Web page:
Stellar collisions and ultracompact X-ray binary formation

J. C. Lombardi*, Z. F. Proulx, K. L. Dooley, E. M. Theriault, N. Ivanova, F. A. Rasio

*Corresponding author for this work

Research output: Contribution to journalArticlepeer-review

65 Scopus citations


We report the results of new SPH calculations of parabolic collisions between a subgiant or slightly evolved red giant star and a neutron star (NS). Such collisions are likely to provide the dominant formation mechanism for ultracompact X-ray binaries (UCXBs) observed today in old globular clusters. In particular, we compute collisions of a 1.4 M NS with realistically modeled parent stars of initial masses 0.8 and 0.9 M , each at three different evolutionary stages (corresponding to three different core masses mc and radii R). The distance of closest approach for the initial orbit varies from rp = 0.04R (nearly head-on) to 1.3R (grazing). These collisions lead to the formation of a tight binary, composed of the NS and the subgiant or red giant core, embedded in an extremely diffuse common envelope (CE) typically of mass ∼0.1-0.3 M . Our calculations follow the binary for many hundreds of orbits, ensuring that the orbital parameters we determine at the end of the calculations are close to final. Some of the fluid initially in the giant's envelope, from 0.003 to 0.023 M in the cases we considered, is left bound to the NS. The eccentricities of the resulting binaries range from about 0.2 for our most grazing collision to about 0.9 for the nearly head-on cases. In almost all the cases we consider, gravitational radiation alone will cause sufficiently fast orbital decay to form a UCXB within a Hubble time, and often on a much shorter timescale. Our hydrodynamics code implements the recent SPH equations of motion derived with a variational approach by Springel & Hernquist and by Monaghan. Numerical noise is reduced by enforcing an analytic constraint equation that relates the smoothing lengths and densities of SPH particles. We present tests of these new methods to help demonstrate their improved accuracy.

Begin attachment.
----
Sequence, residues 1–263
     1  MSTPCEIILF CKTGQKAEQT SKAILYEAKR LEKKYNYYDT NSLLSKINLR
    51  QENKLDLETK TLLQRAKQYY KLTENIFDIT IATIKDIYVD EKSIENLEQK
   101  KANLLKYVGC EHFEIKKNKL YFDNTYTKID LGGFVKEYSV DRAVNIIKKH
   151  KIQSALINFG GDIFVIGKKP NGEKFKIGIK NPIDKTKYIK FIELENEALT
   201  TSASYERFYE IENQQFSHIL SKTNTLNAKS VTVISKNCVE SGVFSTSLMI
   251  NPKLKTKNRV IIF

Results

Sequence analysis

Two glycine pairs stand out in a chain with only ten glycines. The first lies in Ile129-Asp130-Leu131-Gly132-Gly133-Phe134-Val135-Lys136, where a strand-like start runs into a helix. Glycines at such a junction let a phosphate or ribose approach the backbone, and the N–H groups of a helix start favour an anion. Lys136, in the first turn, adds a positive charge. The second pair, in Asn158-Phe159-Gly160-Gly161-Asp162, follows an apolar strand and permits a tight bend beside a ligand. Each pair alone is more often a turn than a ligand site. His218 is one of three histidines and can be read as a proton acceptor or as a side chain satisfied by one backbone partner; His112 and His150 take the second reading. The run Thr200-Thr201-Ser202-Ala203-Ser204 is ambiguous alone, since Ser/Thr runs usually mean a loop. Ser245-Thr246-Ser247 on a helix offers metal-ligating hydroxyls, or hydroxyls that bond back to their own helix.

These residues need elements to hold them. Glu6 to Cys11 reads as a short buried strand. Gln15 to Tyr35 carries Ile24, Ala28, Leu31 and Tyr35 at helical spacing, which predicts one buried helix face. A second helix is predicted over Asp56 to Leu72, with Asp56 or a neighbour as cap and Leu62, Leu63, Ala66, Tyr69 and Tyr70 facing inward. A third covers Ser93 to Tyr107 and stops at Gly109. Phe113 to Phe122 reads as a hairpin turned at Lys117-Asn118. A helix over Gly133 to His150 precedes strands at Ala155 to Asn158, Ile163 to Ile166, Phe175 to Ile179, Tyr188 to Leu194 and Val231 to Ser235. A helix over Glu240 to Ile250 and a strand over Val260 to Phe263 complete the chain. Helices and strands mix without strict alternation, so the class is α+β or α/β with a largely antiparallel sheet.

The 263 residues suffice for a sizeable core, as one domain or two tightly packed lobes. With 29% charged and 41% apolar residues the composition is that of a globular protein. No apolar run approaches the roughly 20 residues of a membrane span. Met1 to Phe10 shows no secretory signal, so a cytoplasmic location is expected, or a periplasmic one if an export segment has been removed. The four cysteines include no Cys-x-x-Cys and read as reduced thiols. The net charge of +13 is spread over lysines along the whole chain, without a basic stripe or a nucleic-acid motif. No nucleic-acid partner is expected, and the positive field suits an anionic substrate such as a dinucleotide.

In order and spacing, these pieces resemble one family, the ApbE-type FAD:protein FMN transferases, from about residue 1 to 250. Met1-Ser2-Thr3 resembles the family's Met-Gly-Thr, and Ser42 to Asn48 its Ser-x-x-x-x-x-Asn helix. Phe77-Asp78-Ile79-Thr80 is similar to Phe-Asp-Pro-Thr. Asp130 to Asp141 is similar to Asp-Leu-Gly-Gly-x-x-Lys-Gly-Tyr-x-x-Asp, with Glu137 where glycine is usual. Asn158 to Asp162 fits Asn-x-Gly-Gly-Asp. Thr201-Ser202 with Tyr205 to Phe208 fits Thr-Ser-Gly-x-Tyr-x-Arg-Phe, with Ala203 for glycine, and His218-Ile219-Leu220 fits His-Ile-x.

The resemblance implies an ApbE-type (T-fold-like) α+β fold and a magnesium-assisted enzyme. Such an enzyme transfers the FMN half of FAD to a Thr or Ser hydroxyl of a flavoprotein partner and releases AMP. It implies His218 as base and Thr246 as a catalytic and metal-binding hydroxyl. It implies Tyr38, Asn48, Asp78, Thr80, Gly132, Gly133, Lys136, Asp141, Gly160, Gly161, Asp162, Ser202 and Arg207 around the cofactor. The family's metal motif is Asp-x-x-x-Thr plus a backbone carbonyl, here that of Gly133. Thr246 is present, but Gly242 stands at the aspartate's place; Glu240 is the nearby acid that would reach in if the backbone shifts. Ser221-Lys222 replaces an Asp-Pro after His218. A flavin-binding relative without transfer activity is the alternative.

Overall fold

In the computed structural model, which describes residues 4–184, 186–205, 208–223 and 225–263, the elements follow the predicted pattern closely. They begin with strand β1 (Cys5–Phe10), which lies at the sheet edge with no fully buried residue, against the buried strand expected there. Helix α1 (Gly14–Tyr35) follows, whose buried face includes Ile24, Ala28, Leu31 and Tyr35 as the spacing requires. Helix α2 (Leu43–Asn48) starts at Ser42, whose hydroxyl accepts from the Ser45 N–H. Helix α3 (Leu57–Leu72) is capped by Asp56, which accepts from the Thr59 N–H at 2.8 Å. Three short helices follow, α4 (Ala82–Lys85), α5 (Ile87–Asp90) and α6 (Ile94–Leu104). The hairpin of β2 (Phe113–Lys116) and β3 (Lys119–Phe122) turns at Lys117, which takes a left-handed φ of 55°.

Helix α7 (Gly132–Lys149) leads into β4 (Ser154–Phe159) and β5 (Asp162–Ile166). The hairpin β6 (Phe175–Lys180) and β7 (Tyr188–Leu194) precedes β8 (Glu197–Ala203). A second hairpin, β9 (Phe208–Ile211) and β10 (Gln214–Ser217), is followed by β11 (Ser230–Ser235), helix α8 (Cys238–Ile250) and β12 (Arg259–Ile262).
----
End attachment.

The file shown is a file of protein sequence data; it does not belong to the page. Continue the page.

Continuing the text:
Original languageEnglish (US)
Pages (from-to)441-458
Number of pages18
JournalAstrophysical Journal
Issue number1 I
StatePublished - Mar 20 2006


  • Binaries: Close
  • Galaxies: Star clusters
  • Globular clusters: General
  • Hydrodynamics
  • Stellar dynamics
  • X-rays: Binaries

ASJC Scopus subject areas

  • Astronomy and Astrophysics
  • Space and Planetary Science


Dive into the research topics of 'Stellar collisions and ultracompact X-ray binary formation'. Together they form a unique fingerprint.

Cite this